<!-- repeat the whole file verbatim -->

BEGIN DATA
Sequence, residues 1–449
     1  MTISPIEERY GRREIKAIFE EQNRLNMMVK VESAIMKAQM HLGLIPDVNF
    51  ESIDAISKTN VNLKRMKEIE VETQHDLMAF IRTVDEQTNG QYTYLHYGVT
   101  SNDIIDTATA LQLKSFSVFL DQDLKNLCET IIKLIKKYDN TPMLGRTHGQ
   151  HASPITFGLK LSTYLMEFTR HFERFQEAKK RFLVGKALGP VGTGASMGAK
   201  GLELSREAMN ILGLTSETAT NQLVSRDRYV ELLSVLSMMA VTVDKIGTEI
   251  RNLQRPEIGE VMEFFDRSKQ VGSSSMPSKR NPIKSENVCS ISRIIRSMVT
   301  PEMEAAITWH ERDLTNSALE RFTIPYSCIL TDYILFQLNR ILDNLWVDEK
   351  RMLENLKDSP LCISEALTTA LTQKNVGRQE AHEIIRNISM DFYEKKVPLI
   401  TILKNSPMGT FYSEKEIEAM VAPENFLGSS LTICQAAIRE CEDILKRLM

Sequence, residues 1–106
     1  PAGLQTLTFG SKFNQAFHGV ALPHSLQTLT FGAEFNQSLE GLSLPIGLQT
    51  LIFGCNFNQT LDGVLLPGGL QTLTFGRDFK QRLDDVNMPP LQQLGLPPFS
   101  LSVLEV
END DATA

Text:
Sequence, residues 1–449
     1  MTISPIEERY GRREIKAIFE EQNRLNMMVK VESAIMKAQM HLGLIPDVNF
    51  ESIDAISKTN VNLKRMKEIE VETQHDLMAF IRTVDEQTNG QYTYLHYGVT
   101  SNDIIDTATA LQLKSFSVFL DQDLKNLCET IIKLIKKYDN TPMLGRTHGQ
   151  HASPITFGLK LSTYLMEFTR HFERFQEAKK RFLVGKALGP VGTGASMGAK
   201  GLELSREAMN ILGLTSETAT NQLVSRDRYV ELLSVLSMMA VTVDKIGTEI
   251  RNLQRPEIGE VMEFFDRSKQ VGSSSMPSKR NPIKSENVCS ISRIIRSMVT
   301  PEMEAAITWH ERDLTNSALE RFTIPYSCIL TDYILFQLNR ILDNLWVDEK
   351  RMLENLKDSP LCISEALTTA LTQKNVGRQE AHEIIRNISM DFYEKKVPLI
   401  TILKNSPMGT FYSEKEIEAM VAPENFLGSS LTICQAAIRE CEDILKRLM

Sequence, residues 1–106
     1  PAGLQTLTFG SKFNQAFHGV ALPHSLQTLT FGAEFNQSLE GLSLPIGLQT
    51  LIFGCNFNQT LDGVLLPGGL QTLTFGRDFK QRLDDVNMPP LQQLGLPPFS
   101  LSVLEV